Convergence of Productivity: Cross-National Studies and Historical Evidence

Paperback | June 30, 1994

EditorWilliam J. Baumol, Richard R. Nelson, Edward N. Wolff

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This comprehensive study is a collection of original articles that view the current state of knowledge of the convergence hypothesis. The hypothesis asserts that at least since the Second World War, and perhaps for a considerable period before that, the group of industrial countries wasgrowing increasingly homogeneous in terms of levels of productivity, technology and per capita incomes. In addition, there was general catch up toward the leader, with gradual erosion of the gap between the leader country, the U.S., throughout most of the pertinent period, and that of the countrieslagging most closely behind it. The book examines patterns displayed by individual industries within countries as well as the aggregate economies, various influences that underlie the process of convergence that seems to have occurred, and the role that convergence has played and promises to play in the future of the newlyindustrialized nations and the less developed countries. Much of the analysis is set in a historical perspective, with particular attention paid to the record following World War II. The prestigious editors conclude that increasing productivity is the key to rising living standards in a globalizedmarketplace. Contributors include: Moses Abramovitz, Alice M. Amsden, Magnus Blomstrom, David Dollar, Takashi Hikino, Gregory Ingram, William Lazonick, Frank Lichtenberg, Robert E. Lipsey, Angus Maddison, Gavin Wright, and Mario Zejan.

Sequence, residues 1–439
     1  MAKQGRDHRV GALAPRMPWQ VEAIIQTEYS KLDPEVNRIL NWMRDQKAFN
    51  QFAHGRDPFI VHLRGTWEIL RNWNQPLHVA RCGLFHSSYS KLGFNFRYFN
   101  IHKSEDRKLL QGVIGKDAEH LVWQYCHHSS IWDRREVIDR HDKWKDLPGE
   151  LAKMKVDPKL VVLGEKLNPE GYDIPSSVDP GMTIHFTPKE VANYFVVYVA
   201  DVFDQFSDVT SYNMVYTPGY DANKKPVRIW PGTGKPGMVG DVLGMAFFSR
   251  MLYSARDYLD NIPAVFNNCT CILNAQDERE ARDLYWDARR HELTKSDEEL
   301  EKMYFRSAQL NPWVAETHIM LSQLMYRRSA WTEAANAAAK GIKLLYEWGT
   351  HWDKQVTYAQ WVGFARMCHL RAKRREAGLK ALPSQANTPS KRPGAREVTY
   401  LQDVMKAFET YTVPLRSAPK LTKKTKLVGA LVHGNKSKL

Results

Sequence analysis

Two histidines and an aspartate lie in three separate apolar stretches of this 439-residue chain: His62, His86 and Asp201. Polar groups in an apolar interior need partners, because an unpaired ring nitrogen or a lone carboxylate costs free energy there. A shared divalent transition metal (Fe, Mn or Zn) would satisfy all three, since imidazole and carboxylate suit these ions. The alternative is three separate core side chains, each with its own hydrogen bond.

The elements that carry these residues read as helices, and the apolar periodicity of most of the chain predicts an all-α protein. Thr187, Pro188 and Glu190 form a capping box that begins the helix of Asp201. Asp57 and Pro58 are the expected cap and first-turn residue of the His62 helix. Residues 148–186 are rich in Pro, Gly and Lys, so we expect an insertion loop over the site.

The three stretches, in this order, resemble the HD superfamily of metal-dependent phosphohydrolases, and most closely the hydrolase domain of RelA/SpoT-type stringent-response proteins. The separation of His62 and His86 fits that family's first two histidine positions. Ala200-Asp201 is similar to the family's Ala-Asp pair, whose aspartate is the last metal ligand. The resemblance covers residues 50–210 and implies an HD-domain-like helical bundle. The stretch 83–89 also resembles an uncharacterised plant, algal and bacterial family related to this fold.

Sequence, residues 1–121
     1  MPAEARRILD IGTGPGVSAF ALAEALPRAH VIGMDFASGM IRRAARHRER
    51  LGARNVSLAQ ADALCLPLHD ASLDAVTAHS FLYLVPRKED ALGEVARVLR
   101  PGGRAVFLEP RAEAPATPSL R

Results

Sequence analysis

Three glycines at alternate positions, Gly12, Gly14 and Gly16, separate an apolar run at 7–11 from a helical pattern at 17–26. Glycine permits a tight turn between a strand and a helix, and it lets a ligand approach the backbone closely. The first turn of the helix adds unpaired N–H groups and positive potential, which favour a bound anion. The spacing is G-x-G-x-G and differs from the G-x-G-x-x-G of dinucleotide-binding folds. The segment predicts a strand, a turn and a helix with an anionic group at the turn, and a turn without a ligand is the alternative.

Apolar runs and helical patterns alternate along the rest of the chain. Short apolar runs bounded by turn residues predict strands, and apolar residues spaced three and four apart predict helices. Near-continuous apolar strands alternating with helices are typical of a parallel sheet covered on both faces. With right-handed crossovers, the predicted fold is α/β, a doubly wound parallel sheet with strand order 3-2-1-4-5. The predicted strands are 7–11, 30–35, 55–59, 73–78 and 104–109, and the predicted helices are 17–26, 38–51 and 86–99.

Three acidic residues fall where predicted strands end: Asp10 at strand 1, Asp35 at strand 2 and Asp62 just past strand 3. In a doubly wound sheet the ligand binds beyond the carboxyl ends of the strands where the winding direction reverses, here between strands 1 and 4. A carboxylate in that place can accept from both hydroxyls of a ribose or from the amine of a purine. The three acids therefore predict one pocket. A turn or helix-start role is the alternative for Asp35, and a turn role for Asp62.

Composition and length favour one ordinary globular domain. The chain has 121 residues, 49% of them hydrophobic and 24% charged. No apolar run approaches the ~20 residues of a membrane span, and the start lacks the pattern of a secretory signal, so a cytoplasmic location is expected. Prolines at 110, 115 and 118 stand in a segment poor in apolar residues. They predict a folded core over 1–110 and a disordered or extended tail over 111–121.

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This comprehensive study is a collection of original articles that view the current state of knowledge of the convergence hypothesis. The hypothesis asserts that at least since the Second World War, and perhaps for a considerable period before that, the group of industrial countries wasgrowing increasingly homogeneous in terms of level...

William J. Baumol is Professor of Economics at New York University. Richard R. Nelson is Professor of International and Public Affairs at Columbia University. Edward N. Wolff is Professor of Economics at New York University.

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Format:PaperbackDimensions:360 pages, 9.25 × 6.06 × 0.91 inPublished:June 30, 1994Publisher:Oxford University Press

The following ISBNs are associated with this title:

ISBN - 10:0195083903

ISBN - 13:9780195083903

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Table of Contents

ContributorsPart I. General Patterns of Convergence1. William J. Baumol, Richard R. Nelson, and Edward N. Wolf: Introduction: The Convergence of Productivity, Its Significance, and Its Varied Connotations2. Angus Maddison: Explaining the Economic Performance of Nations, 1820-19893. William J. Baumol: Multivariate Growth Patterns: Contagion and Common Forces as Possible Sources of Convergence4. Moses Abramovitz: Catch-up and Convergence in the Postwar Growth Boom and AfterPart II. Technological Leadership5. Richard R. Nelson and Gavin Wright: The Erosion of U.S. Technological Leadership as a Factor in Postwar Economic Convergence6. William Lazonick: Social Organization and Technological LeadershipPart III. What Lies Behind Convergence?7. David Dollar and Edward N. Wolff: Capital Intensity and TFP Convergence by Industry in Manufacturing, 1963-19858. Frank R. Lichtenberg: Have International Differences in Educational Attainment Levels Narrowed?9. Magnus Blomstrom, Robert E. Lipsey, and Mario Zejan: What Explains the Growth of Developing Contries?Part IV. The NICs and the LDCs10. Magnus Blomstrom and Edward N. Wolff: Multinational Corporations and Productivity Convergence in Mexico11. Takashi Hikino and Alice H. Amsden: Staying Behind, Stumbling Back, Sneaking Up, Soaring Ahead: Late Industrialization in Historical Perspective12. Gregory K. Ingram: Social Indicators and Productivity Convergence in Developing CountriesIndex

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"It should stimulate further work on an important subject."--The Southern Economic Journal